By Jose M. Romero / @RomeroJoseM
For Fox Deportes
They will come home to the United States with medals, and they will be the pride of their respective communities. They will also be sources of pride for the diverse Latino communities of the nation.
American Latinos are making their mark everywhere else, so why not at the London Olympics?
New York’s Felix Sanchez, of Dominican descent, tops the list. Competing for the Dominican Republic, the former USC Trojan won gold in the 400-meter hurdles (Puerto Rico’s Javier Culson got the bronze), then let the tears flow as he stood on the medal stand.
Sanchez competed in his fourth Olympics, and is such a sports hero in the Dominican that the Olympic Stadium in Santo Domingo is named in his honor. He’s living proof that Dominicans aren’t just baseball players.
Leo Manzano rekindled memories of Oscar de la Hoya in 1992 at Barcelona when, after an amazing finishing kick in the last 150 meters that got him the silver medal in the 1,500 meters in track, he carried both the American and Mexican flags. Manzano was born in central Mexico but came to the U.S. with his family at age 4. Now 27, he became the first American to medal in the 1,500 since Jim Ryun in 1968.
Manzano, who grew up in Texas and ran in college for the Longhorns, didn’t stop at celebrating. He made clear in post-run comments that he wants to be an example to youth that anything is possible, even if you come from very humble beginnings.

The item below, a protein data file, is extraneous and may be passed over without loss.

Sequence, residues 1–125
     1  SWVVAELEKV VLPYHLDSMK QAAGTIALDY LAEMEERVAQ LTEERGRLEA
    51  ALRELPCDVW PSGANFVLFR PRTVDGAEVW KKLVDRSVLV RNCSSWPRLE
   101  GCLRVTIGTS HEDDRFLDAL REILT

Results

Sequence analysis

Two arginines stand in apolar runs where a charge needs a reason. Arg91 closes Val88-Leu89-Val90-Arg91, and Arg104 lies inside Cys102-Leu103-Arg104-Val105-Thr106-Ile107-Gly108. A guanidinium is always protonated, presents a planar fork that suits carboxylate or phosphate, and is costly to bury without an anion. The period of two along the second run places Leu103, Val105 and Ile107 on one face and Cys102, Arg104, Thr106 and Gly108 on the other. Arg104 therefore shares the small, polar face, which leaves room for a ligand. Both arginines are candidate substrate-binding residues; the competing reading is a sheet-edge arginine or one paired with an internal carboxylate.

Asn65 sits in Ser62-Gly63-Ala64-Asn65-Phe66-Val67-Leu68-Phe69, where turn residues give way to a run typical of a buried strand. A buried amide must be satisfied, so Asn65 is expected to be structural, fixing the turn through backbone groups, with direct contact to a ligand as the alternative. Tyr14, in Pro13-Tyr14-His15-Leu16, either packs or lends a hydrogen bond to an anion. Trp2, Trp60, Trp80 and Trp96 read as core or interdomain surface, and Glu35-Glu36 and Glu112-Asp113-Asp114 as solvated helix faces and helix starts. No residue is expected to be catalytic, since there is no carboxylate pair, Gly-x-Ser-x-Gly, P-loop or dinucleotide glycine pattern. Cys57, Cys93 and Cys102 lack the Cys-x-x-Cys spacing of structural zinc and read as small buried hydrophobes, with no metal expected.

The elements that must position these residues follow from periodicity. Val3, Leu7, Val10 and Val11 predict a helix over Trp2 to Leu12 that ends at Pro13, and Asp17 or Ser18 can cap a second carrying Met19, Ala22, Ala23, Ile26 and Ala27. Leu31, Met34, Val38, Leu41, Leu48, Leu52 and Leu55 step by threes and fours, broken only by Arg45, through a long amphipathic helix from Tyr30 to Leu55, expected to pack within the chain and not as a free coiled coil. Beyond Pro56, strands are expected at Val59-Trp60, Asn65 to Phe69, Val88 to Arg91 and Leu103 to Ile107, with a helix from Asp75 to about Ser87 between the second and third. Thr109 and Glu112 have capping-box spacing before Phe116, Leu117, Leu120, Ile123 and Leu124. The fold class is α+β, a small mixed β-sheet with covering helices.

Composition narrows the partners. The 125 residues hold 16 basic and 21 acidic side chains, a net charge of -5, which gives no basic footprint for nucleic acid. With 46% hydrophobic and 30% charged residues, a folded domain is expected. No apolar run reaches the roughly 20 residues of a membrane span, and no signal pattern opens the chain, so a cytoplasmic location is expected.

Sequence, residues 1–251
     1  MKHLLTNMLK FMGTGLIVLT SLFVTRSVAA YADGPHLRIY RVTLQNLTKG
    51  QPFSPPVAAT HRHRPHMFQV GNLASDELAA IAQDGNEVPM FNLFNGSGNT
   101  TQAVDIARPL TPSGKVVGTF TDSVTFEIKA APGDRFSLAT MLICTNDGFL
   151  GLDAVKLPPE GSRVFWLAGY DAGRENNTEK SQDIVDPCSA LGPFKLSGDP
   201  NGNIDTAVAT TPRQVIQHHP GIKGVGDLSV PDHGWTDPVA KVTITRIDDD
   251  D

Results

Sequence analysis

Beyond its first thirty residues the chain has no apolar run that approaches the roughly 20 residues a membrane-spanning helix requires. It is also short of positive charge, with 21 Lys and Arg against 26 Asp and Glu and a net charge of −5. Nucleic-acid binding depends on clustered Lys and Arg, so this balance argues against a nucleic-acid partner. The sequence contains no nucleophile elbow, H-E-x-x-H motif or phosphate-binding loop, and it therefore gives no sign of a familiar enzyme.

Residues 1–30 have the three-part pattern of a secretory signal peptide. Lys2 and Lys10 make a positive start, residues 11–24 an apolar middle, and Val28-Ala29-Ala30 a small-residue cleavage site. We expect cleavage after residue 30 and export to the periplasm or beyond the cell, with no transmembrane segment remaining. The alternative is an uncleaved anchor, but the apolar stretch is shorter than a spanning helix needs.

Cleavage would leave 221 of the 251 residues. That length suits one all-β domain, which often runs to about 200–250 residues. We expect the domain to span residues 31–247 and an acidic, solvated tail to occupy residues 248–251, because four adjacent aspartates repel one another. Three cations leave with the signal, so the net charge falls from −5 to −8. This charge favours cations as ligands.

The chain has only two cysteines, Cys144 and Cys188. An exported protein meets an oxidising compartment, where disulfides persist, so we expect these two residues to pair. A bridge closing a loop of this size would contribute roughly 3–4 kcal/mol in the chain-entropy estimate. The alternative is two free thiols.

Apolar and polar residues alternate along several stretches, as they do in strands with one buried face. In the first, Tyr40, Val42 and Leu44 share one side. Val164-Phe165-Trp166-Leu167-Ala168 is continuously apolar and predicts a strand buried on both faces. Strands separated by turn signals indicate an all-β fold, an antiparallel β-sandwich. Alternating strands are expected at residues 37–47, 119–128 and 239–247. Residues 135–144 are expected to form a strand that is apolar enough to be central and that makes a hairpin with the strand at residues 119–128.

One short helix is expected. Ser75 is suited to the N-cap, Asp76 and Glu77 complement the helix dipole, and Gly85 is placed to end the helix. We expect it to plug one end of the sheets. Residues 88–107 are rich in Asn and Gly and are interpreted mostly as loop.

Like Manzano, Brenda Villa of the Los Angeles area seeks to make a difference for youth. In fact, she’s long been doing so. That gold medal she helped the U.S. women’s water polo team win Thursday can only help her cause.
Marlen Esparza fell short of her gold medal dream, but the boxer from the Houston area earned a bronze, and although she has said she’s retiring from the ring at age 23, it might be tough to turn down more sponsorships and professional boxing.
The U.S. men’s gymnastics team didn’t perform well overall in London, but Cuban-born Danell Leyva got a bronze medal in the individual all-around competition. He’s certainly an inspiration, just like the other athletes, that Latino kids, with hard work and dedication, can succeed in non-traditional sports like gymnastics, water polo, distance running an hurdles.
And it doesn’t stop there. Steven Lopez of Texas is already a two-time Olympic champion in taekwondo, and still had shot at a medal as of Thursday afternoon. Southern California native Diana Taurasi, with Argentine roots, seeks another gold medal with her USA women’s basketball team, and it seems almost certain to happen.
Most of the names above aren’t ones many people would hear often. These folks weren’t well known world wide (with the exception of Taurasi, perhaps), and yet they have shined on the world’s stage. Hopefully they inspire the next generation of U.S. Latino Olympians.